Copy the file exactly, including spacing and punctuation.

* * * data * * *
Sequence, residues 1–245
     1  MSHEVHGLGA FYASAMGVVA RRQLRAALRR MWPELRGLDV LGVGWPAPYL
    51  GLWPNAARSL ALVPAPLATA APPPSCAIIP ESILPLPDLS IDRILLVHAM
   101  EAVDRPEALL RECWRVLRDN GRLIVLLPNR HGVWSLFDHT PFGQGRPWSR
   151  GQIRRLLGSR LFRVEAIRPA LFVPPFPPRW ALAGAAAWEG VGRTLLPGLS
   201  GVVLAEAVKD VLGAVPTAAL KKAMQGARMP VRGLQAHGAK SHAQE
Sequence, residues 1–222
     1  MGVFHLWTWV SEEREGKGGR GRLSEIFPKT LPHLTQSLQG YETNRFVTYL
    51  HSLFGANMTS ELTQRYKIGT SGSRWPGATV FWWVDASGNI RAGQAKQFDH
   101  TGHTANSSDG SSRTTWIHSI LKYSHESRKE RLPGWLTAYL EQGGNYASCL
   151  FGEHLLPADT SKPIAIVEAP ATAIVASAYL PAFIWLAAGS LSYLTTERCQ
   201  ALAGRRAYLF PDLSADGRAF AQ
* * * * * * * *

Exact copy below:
Sequence, residues 1–245
     1  MSHEVHGLGA FYASAMGVVA RRQLRAALRR MWPELRGLDV LGVGWPAPYL
    51  GLWPNAARSL ALVPAPLATA APPPSCAIIP ESILPLPDLS IDRILLVHAM
   101  EAVDRPEALL RECWRVLRDN GRLIVLLPNR HGVWSLFDHT PFGQGRPWSR
   151  GQIRRLLGSR LFRVEAIRPA LFVPPFPPRW ALAGAAAWEG VGRTLLPGLS
   201  GVVLAEAVKD VLGAVPTAAL KKAMQGARMP VRGLQAHGAK SHAQE
Sequence, residues 1–222
     1  MGVFHLWTWV SEEREGKGGR GRLSEIFPKT LPHLTQSLQG YETNRFVTYL
    51  HSLFGANMTS ELTQRYKIGT SGSRWPGATV FWWVDASGNI RAGQAKQFDH
   101  TGHTANSSDG SSRTTWIHSI LKYSHESRKE RLPGWLTAYL EQGGNYASCL
   151  FGEHLLPADT SKPIAIVEAP ATAIVASAYL PAFIWLAAGS LSYLTTERCQ
   201  ALAGRRAYLF PDLSADGRAF AQ